Dabrafenib: May enhance the QTc-prolonging effect of SUNItinib. Dabrafenib may decrease the serum concentration of SUNItinib. Management: Monitor for QTc interval prolongation and ventricular arrhythmias when these agents are combined. Patients with additional risk factors for QTc prolongation may be at even higher risk. Also monitor for reduced sunitinib efficacy. Risk C: Monitor therapy

Domperidone: QT-prolonging Agents (Moderate Risk) may enhance the QTc-prolonging effect of Domperidone. Management: Consider alternatives to this drug combination. If combined, monitor for QTc interval prolongation and ventricular arrhythmias. Patients with additional risk factors for QTc prolongation may be at even higher risk. Risk D: Consider therapy modification

Dronedarone: May enhance the QTc-prolonging effect of SUNItinib. Dronedarone may increase the serum concentration of SUNItinib. Management: Consider alternatives to this combination. Patients with other risk factors (eg, older age, female sex, bradycardia, hypokalemia, hypomagnesemia, heart disease, and higher drug concentrations) are likely at greater risk for these toxicities. Risk D: Consider therapy modification

Fexinidazole: May increase the serum concentration of CYP3A4 Substrates (High risk with Inhibitors). Risk X: Avoid combination

Fluorouracil Products: May enhance the QTc-prolonging effect of QT-prolonging Kinase Inhibitors (Moderate Risk). Management: Monitor for QTc interval prolongation and ventricular arrhythmias when these agents are combined. Patients with additional risk factors for QTc prolongation may be at even higher risk. Risk C: Monitor therapy

Fusidic Acid (Systemic): May increase the serum concentration of CYP3A4 Substrates (High risk with Inhibitors). Risk X: Avoid combination

Haloperidol: QT-prolonging Kinase Inhibitors (Moderate Risk) may enhance the QTc-prolonging effect of Haloperidol. Management: Monitor for QTc interval prolongation and ventricular arrhythmias when these agents are combined. Patients with additional risk factors for QTc prolongation may be at even higher risk. Risk C: Monitor therapy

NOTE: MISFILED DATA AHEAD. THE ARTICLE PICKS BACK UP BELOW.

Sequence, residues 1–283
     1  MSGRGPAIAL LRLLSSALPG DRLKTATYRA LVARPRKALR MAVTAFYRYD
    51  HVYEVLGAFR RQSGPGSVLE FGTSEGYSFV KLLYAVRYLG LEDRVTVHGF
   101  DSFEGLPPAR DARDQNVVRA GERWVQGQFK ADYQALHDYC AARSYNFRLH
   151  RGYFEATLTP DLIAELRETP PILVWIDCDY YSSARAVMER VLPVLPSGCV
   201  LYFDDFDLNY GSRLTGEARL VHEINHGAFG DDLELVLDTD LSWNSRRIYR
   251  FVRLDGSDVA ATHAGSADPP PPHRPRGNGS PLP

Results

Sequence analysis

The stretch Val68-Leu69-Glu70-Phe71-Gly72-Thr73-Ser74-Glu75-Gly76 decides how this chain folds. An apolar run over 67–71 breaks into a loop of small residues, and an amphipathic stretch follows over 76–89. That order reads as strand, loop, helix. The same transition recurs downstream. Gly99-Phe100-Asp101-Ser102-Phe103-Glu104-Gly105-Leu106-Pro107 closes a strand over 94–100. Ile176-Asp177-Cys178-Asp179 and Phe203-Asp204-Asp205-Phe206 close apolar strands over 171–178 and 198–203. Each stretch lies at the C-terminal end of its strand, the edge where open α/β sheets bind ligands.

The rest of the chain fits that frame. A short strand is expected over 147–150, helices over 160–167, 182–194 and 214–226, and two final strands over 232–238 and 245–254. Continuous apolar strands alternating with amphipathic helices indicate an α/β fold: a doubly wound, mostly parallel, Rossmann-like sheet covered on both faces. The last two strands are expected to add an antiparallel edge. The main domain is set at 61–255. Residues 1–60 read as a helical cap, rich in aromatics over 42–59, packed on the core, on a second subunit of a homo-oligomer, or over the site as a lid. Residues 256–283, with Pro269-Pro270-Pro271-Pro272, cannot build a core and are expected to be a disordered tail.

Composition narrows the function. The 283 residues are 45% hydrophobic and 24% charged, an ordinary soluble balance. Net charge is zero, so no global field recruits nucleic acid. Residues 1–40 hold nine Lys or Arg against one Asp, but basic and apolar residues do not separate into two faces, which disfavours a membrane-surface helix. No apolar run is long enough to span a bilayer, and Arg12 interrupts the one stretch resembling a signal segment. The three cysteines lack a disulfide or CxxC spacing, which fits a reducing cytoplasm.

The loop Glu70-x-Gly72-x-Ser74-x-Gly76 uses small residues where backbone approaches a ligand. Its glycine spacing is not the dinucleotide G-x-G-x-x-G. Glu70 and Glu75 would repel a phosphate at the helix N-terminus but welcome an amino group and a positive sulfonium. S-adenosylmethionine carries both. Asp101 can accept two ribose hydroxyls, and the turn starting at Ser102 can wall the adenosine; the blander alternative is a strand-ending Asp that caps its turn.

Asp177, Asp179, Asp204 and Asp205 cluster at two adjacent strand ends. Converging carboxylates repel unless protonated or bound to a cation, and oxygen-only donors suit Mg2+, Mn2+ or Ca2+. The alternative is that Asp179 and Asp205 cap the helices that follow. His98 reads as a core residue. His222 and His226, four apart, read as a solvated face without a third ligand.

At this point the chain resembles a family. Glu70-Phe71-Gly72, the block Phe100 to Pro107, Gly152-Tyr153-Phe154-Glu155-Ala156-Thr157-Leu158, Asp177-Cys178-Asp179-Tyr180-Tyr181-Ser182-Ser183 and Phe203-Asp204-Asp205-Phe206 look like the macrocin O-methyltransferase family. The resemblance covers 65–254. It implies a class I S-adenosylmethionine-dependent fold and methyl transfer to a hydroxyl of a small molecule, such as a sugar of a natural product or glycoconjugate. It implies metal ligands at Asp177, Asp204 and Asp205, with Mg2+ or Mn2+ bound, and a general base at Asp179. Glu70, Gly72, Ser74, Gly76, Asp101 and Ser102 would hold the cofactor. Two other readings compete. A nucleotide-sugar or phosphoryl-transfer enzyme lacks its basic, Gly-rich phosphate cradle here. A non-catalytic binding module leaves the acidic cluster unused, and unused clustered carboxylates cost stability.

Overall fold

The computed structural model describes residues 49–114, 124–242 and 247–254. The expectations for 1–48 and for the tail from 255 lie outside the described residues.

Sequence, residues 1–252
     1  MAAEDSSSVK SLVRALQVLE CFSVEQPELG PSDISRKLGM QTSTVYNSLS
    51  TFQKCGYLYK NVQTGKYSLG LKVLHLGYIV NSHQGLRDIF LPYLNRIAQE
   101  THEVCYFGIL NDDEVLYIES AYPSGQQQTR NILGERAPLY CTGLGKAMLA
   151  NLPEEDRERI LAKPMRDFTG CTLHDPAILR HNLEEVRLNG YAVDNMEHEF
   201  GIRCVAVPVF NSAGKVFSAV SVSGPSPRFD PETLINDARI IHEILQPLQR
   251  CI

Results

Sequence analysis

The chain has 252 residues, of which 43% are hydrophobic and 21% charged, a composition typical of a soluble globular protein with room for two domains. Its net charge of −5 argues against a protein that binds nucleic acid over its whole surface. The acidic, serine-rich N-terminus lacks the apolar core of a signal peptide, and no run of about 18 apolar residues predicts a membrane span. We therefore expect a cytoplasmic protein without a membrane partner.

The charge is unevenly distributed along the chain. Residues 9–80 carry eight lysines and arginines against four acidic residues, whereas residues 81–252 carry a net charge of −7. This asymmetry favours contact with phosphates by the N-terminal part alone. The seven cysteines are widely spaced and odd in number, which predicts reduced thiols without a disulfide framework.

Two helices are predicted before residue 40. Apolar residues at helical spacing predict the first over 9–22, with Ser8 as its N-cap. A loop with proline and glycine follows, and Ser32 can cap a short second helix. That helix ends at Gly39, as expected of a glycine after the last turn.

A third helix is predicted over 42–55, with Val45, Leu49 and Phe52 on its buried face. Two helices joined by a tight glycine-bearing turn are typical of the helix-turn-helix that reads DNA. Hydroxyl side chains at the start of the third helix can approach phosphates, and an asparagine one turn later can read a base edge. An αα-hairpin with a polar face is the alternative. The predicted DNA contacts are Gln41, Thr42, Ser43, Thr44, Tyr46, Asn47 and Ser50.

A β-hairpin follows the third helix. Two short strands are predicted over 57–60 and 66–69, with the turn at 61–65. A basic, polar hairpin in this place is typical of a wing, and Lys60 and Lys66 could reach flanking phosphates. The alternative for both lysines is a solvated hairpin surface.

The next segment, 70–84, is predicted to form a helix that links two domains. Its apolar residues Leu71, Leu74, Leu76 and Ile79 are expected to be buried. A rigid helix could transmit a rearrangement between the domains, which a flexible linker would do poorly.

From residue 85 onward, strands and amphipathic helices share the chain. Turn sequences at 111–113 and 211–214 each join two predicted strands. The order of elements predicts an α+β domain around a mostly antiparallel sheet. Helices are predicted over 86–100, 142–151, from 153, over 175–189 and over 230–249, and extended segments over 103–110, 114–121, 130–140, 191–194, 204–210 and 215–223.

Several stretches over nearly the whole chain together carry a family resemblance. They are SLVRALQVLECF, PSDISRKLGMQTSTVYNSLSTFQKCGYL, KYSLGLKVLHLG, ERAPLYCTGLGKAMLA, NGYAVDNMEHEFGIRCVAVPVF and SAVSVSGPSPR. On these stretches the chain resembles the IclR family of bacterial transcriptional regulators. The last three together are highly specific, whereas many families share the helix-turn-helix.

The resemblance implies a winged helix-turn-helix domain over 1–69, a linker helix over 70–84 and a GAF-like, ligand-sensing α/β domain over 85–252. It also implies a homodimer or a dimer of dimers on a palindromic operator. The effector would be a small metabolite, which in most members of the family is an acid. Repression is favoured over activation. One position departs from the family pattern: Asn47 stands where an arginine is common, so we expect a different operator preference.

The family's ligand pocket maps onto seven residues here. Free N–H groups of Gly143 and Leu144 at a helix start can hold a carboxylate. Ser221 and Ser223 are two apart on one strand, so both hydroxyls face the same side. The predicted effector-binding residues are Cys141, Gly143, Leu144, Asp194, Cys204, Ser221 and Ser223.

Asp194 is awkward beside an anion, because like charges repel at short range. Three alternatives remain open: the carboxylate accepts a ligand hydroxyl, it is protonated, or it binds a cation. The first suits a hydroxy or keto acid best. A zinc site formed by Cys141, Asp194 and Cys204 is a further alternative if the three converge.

Herbal Products with Glucose Lowering Effects: May enhance the hypoglycemic effect of Hypoglycemia-Associated Agents. Risk C: Monitor therapy

Hypoglycemia-Associated Agents: May enhance the hypoglycemic effect of other Hypoglycemia-Associated Agents. Risk C: Monitor therapy

Itraconazole: May increase the serum concentration of SUNItinib. Management: Avoid when possible. If combined, decrease sunitinib dose to a minimum of 37.5 mg daily when treating GIST or RCC. Decrease sunitinib dose to a minimum of 25 mg daily when treating PNET. Monitor patients for both reduced efficacy and increased toxicities. Risk D: Consider therapy modification

Lefamulin: May enhance the QTc-prolonging effect of QT-prolonging CYP3A4 Substrates. Management: Do not use lefamulin tablets with QT-prolonging CYP3A4 substrates. Lefamulin prescribing information lists this combination as contraindicated. Risk X: Avoid combination

Levoketoconazole: May enhance the QTc-prolonging effect of SUNItinib. Levoketoconazole may increase the serum concentration of SUNItinib. Risk X: Avoid combination

Maitake: May enhance the hypoglycemic effect of Agents with Blood Glucose Lowering Effects. Risk C: Monitor therapy

Midostaurin: May enhance the QTc-prolonging effect of QT-prolonging Kinase Inhibitors (Moderate Risk). Management: Monitor for QTc interval prolongation and ventricular arrhythmias when these agents are combined. Patients with additional risk factors for QTc prolongation may be at even higher risk. Risk C: Monitor therapy

Monoamine Oxidase Inhibitors: May enhance the hypoglycemic effect of Agents with Blood Glucose Lowering Effects. Risk C: Monitor therapy

NiCARdipine: May increase the serum concentration of SUNItinib. Risk C: Monitor therapy